Another view of America
written by Ron:
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Last week I wrote a column and among its various platitudinous observations was a remark that, “There’s hardly a person in any country on planet Earth that doesn’t think that America is the greatest land of all.” I continued with the reverence for my homeland by stating, “Most of the inhabitants of our globe would leave wherever they are and come to American in a second…to live in America is the dream of billions.”
Perhaps I overstated a tad. Thinking more on the subject, I realize that there are people who live in a township in Denmark, a burgh in Ireland, a city in Spain or a town in Australia who might be warmly satisfied to remain in their home borough.
One of our readers in Japan provided a reply to my comments of last week. The responder is a world famous writer of books who questions the accuracy of my claims as listed above. What might have exacerbated the situation with the reader is my claim: “And with all this we remain the shining beacon of freedom and opportunity to the world. If there ever was a human paradise, this country, this group of united states, is it.”
Our reader in Japan differs with my claim for the United States in a handful of areas. He begins: “Sorry Ron. You’ve got it a bit wrong. If you’d allow anyone in Japan to enter the United States with an immigrant visa, I doubt that you’d get 10% of the populace to take you up on it.”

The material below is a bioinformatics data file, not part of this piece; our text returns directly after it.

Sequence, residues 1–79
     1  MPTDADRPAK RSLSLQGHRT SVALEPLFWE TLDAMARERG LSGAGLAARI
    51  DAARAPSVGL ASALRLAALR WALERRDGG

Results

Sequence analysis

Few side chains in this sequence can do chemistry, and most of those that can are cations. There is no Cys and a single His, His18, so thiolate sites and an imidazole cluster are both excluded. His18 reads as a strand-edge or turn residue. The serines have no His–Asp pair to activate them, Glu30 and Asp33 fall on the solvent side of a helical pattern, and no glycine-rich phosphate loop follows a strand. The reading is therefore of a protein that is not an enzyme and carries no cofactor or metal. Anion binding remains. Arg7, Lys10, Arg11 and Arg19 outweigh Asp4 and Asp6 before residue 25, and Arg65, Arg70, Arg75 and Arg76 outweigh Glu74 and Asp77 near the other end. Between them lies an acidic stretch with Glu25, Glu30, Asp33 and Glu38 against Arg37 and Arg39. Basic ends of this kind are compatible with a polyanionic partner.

The reader comments: “The Lehman Shock, as we call it here (in Japan), seems to tell people on the outside that those who perpetrate disaster go free and clear, that there is no system of responsibility in America’s financial system.”
He continues to comment on the low scores on scholastic tests that indicate that a generation of Americans is not getting a good education.
A strong point is made over the personalized debating not only in the Republican debates but also in our Congress. Another point is made that Americans can no longer discuss things in a civilized manner. We are becoming specialists in causing anger. Our reader wonders whether our needed solutions will come from the right or left. He questions about “who cares about the disabled?”
Our reader would like to see America make a social contract with its citizens. He ends his comments with this: “And in America’s case, the whole should be the synergy of all the parts. But today, instead of pulling together toward common goals, each American pulls only in the way he or she wants to go.”
And to you, dear reader, I thank you for your intelligent and cogent comments. You have surely observed the errors and weaknesses in our country; our system of government. We have traveled far, but our long journey remains.
As I ended last week’s column I wrote, “All Americans should take a deep and abiding interest in the coming election… You have tremendous power in your hands, use it.”
It is, indeed, interesting, helpful and valuable to open our minds to what others think of us. It could lead to the improvements we unquestionably need to make.
Thanks, dear reader.